In Beyond Sibling Rivalry, Henry Holt & Company, New York, NY, 1999, Peter Goldenthal introduces the concept that too often children go through a vicious cycle of unfairness, anger, conflict, and aggression.
It begins when something happens and the child feels unfairly treated. It may be that something has not worked out as they hoped for, for example he was not invited to a party. The child shows his disappointment by complaining. At other times, the complaint could be about genuine bias by others that make him feel dis-favoured.
The child becomes angry and shows it by being uncooperative or aggressive.
Parents are annoyed by the child’s bad behaviour. Unfortunately many parents also become angry and at their worst criticize and blame the child, yell, and punish with a time out or restricting privileges.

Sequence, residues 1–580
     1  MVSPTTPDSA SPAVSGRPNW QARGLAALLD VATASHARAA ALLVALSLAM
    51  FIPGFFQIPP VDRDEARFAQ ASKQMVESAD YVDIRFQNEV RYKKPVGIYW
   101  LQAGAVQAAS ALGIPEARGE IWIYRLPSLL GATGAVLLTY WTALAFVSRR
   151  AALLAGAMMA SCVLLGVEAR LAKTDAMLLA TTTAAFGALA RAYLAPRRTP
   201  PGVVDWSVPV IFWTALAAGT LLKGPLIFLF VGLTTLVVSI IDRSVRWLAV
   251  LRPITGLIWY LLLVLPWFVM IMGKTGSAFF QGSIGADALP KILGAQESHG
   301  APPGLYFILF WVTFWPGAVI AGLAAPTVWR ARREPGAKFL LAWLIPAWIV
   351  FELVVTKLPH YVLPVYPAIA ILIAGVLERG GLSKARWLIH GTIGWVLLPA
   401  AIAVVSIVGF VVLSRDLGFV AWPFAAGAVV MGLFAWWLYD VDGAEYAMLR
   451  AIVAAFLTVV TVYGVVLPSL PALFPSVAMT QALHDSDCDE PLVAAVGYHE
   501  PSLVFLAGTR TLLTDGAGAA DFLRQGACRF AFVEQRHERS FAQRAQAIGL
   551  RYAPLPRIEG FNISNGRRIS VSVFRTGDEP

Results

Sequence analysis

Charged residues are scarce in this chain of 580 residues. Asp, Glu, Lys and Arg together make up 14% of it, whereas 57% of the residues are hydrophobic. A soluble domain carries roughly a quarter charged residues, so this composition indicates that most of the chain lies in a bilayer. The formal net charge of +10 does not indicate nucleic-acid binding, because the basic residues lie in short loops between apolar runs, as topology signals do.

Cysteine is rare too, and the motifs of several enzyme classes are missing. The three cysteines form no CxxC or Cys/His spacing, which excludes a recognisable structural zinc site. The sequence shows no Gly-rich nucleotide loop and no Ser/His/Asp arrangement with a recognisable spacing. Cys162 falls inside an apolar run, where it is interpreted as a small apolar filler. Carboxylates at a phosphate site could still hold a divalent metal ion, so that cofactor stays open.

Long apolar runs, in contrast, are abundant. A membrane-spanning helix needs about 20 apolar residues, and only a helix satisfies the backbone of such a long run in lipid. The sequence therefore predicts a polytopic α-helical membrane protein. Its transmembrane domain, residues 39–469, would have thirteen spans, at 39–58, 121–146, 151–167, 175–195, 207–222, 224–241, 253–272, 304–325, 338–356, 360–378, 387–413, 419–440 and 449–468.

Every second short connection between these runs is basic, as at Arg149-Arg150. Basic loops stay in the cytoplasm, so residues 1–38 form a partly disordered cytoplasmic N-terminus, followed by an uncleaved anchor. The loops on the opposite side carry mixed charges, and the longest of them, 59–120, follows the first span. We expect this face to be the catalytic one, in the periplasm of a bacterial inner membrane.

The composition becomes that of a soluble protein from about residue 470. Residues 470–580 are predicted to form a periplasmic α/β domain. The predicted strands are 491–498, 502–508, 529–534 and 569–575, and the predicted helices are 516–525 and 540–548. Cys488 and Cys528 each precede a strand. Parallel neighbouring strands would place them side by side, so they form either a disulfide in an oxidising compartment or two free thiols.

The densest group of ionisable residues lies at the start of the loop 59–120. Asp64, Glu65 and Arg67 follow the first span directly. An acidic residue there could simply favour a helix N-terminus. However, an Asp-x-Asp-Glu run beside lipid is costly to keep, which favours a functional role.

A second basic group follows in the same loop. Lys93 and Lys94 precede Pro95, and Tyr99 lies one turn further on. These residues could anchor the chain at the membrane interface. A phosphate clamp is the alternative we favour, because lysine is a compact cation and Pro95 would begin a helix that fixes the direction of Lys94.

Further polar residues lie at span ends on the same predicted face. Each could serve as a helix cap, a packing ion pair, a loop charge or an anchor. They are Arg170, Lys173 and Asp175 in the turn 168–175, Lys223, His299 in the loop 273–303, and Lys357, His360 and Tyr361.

The child now has all the reason necessary to feel unfairly treated. The parents did not take the time to understand how he feels and why. Anger sets in and the child retaliates by being even more disruptive.
If parents are constantly angry at their kids, it’s no wonder the kids are angry at them. Anger feeds on itself.
Parents have to learn to manage their anger, so that they set the right example so that their children learn how to control their own anger when conflicts occur. It can’t be done in the pitch of the battle. At calmer times, parents should model good conflict resolution skills when interacting with their children and with other family members.